Then one who had escaped came and told Abram the Hebrew, who was living by the oaks of Mamre the Amorite, brother of Eshcol and of Aner. These were allies of Abram. When Abram heard that his kinsman had been taken captive, he led forth his trained men, born in his house, 318 of them, and went in pursuit as far as Dan. And he divided his forces against them by night, he and his servants, and defeated them and pursued them to Hobah, north of Damascus. Then he brought back all the possessions, and also brought back his kinsman Lot with his possessions, and the women and the people. - Genesis 14:13-16
The typology for this passage is quite staggering. For starters, this passage contains the first time the word “Hebrew” is used in the Scriptures. The next time will be in reference to Abram’s great-grandson Joseph (Gen 39:14-17). The usage of this word is impactful because of the common understanding Israel had of its “identity” in Egypt (Exo 1-2). They were Hebrews because they were a line of kinsman redeemers. And for a people trapped in Egypt, their father Abram was the first redeemer in their history. Jesus Christ would be the last. The link between Abram and Jesus Christ is now seen as the ultimate fulfillment of this passage.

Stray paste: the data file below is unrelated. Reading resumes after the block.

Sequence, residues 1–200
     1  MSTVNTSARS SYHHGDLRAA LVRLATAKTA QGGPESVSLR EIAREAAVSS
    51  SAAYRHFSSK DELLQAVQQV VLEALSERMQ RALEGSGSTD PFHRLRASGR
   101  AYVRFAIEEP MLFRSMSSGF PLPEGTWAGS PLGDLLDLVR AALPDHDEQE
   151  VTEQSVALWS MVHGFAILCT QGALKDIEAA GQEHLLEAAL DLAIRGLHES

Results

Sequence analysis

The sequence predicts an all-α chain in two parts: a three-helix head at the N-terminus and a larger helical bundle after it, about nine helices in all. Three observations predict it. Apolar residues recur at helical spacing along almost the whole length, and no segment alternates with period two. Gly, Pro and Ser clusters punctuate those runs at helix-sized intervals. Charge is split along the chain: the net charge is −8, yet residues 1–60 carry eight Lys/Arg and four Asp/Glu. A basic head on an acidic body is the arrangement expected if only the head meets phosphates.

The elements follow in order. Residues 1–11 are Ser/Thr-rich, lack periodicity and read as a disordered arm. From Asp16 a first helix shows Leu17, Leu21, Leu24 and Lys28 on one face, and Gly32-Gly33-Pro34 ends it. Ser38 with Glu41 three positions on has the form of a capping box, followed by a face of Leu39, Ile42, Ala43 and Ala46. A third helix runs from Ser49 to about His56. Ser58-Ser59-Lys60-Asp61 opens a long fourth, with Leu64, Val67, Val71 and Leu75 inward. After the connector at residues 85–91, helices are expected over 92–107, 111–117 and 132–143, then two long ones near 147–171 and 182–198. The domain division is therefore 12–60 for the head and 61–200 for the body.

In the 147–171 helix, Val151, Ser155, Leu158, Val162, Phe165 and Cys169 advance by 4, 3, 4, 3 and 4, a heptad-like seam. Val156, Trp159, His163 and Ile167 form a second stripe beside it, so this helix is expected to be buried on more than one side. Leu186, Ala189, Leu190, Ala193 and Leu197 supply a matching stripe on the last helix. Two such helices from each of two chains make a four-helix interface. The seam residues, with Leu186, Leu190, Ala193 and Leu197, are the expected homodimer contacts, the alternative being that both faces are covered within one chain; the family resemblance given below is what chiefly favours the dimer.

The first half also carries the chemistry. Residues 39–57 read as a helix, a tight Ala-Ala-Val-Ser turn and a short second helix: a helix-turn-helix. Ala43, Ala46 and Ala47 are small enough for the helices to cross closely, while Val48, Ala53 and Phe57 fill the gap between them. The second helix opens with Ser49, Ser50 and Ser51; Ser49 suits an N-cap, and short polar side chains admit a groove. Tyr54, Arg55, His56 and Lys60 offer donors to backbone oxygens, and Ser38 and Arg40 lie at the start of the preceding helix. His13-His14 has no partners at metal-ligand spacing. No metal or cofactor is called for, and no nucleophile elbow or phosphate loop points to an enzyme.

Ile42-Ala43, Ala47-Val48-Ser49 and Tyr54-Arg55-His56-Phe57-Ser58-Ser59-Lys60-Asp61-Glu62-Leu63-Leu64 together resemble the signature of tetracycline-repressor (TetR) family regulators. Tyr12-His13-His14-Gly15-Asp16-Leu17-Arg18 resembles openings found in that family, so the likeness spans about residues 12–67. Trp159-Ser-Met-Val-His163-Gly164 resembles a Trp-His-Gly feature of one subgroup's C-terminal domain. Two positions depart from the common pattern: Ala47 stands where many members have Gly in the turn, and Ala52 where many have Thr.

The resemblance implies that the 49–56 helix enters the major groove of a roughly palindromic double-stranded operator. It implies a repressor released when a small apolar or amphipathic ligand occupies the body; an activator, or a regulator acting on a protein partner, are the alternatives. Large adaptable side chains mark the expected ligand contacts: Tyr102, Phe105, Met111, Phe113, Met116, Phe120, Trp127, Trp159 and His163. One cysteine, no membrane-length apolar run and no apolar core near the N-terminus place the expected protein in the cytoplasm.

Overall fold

The second important note is that Abram was not a common nomad. Abram had trained fighting men: His trained men. Abram though not called one is in this passage put on par with the other kings doing battle. This will be an important consideration in the conclusion to this chapter.
The final important point is the restitution provided by Abram. He both rescues Lot and returns his possessions. This includes quite distinctly the “women” and “peoples.” Abram restores the family and social community of Lot. Likewise Jesus Christ restores to those whom He redeems their families and their societies. Our Savior is no savior of mere individuals